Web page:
Melisha Gibson was 4 years old when she was killed at the hands of her stepfather and mother.
In 2008, CASA (Court Appointed Special Advocates) entered Bradley County through the Athens CASA Corridor — then a short time later, CASA of Bradley County was formed.
Shortly after being established — in fact just months after and executive board was named as well as an executive director was chosen — the inaugural Melisha Gibson “Moonlight Walk of Hope” was planned and executed.
Suzanne Wisdom is the executive director of CASA of Bradley, Polk and the Ocoee Regional Family Advocates.
CASA of Bradley volunteers oversee children who get caught up in the court system and look out for their interests.
“The Melisha Gibson ‘Light of Hope’ Moonlight Walk is held in honor of her short life. Her story is one of Bradley County’s prolific tragedies in the sense that laws were changed. It was sad that it took a child of abuse losing their life to raise eyebrows of lawmakers to make these changes,” explained Wisdom.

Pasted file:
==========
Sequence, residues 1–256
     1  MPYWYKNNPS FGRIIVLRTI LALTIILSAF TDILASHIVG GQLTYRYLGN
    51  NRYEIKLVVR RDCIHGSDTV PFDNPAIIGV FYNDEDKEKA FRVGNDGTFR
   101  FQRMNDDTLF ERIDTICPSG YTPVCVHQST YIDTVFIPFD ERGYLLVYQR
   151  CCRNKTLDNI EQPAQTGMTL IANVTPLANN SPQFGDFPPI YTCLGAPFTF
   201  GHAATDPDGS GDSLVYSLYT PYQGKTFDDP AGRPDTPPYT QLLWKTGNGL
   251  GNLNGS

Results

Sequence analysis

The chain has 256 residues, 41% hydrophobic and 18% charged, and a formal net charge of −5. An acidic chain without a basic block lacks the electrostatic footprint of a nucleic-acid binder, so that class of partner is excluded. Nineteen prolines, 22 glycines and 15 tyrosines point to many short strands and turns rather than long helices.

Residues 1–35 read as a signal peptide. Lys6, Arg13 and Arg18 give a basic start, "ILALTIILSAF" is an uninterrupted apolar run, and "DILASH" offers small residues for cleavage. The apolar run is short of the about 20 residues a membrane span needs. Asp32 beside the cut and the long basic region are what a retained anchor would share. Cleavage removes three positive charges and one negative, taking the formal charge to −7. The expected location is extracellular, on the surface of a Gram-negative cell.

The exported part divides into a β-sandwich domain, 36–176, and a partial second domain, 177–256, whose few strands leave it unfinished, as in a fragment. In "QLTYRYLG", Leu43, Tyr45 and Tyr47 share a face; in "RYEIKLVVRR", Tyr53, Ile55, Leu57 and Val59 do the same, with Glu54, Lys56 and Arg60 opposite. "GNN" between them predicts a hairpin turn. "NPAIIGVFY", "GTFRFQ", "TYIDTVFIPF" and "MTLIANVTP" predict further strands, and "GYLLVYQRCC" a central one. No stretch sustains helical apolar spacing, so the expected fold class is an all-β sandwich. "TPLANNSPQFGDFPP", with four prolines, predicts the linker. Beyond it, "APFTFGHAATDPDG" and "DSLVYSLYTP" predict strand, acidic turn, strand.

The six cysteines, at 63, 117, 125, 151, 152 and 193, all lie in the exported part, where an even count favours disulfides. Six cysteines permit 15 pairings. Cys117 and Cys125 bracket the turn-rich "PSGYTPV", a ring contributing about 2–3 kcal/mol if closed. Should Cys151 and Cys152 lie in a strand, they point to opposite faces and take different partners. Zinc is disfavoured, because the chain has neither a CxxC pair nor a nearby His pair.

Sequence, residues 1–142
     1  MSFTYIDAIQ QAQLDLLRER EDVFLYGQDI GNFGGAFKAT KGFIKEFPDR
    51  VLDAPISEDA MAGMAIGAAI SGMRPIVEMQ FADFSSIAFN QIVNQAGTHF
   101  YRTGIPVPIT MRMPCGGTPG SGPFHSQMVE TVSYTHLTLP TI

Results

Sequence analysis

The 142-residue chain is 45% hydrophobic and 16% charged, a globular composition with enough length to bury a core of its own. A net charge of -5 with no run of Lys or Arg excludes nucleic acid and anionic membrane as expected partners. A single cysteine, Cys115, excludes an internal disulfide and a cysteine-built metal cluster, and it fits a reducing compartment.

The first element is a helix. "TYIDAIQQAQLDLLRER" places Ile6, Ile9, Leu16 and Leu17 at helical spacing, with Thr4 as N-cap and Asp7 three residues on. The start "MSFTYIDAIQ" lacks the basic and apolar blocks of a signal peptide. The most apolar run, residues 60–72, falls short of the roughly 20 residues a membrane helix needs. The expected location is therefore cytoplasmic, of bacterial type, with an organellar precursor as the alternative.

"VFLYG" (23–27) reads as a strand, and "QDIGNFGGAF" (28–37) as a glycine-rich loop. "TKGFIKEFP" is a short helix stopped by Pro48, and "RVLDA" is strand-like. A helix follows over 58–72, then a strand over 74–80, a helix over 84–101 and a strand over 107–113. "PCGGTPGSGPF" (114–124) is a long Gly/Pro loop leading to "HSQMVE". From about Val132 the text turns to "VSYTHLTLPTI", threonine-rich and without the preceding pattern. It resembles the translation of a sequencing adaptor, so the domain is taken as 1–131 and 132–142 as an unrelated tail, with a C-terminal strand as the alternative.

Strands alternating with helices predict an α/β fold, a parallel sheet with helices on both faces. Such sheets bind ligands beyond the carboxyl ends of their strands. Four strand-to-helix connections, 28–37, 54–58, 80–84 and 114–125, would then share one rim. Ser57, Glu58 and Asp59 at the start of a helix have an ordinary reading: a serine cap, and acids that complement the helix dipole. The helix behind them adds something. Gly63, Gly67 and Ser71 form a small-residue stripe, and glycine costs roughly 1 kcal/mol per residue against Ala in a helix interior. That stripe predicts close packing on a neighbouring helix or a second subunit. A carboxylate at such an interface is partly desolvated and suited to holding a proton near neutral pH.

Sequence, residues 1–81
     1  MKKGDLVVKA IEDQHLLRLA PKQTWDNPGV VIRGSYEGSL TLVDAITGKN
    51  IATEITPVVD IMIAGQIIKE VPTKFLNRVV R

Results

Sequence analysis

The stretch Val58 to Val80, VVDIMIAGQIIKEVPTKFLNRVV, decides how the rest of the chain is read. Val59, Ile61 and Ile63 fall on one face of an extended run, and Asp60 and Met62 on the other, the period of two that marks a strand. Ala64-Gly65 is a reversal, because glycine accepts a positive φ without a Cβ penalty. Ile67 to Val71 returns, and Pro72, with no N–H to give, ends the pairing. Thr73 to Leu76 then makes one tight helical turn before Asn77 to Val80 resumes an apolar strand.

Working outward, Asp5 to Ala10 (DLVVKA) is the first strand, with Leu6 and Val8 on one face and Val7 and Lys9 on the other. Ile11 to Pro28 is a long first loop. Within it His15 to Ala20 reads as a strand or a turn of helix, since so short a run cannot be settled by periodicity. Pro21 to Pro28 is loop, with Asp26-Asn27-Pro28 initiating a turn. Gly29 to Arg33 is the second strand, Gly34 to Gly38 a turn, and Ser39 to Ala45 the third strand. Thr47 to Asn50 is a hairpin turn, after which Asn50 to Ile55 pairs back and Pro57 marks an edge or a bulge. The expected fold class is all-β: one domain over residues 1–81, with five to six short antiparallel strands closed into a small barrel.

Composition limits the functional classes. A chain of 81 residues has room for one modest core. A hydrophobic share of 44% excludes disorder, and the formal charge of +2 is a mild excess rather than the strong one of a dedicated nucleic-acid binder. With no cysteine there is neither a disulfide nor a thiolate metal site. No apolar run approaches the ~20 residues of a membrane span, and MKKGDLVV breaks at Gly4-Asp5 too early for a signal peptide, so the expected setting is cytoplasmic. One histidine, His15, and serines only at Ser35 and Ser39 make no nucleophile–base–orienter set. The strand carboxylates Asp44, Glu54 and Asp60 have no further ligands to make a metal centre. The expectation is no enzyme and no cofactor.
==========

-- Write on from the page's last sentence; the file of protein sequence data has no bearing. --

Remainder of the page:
Approximately 200 children now have volunteer advocates representing them in Bradley and Polk County courtrooms.
CASA is a national nonprofit organization that trains volunteers to serve as guardians “ad litem,” or in behalf of, children in the court system. That basically means if a child is involved in a custody battle or has been taken from his or her home, a CASA volunteer might be appointed by a judge to step in and serve as a voice for the child, according to Wisdom.
Because a child is not a “legal citizen,” he or she does not have rights in the courtroom and therefore cannot express wishes.
The advocate investigates the case and prepares a report for what they believe is in the best interest of the child.
It is the goal of CASA to keep the natural family together if at all possible while keeping the child out of harm’s way, according to Wisdom.
For more information or to volunteer, visit CASA of Bradley County’s website, www.ocoeeadvocates.org.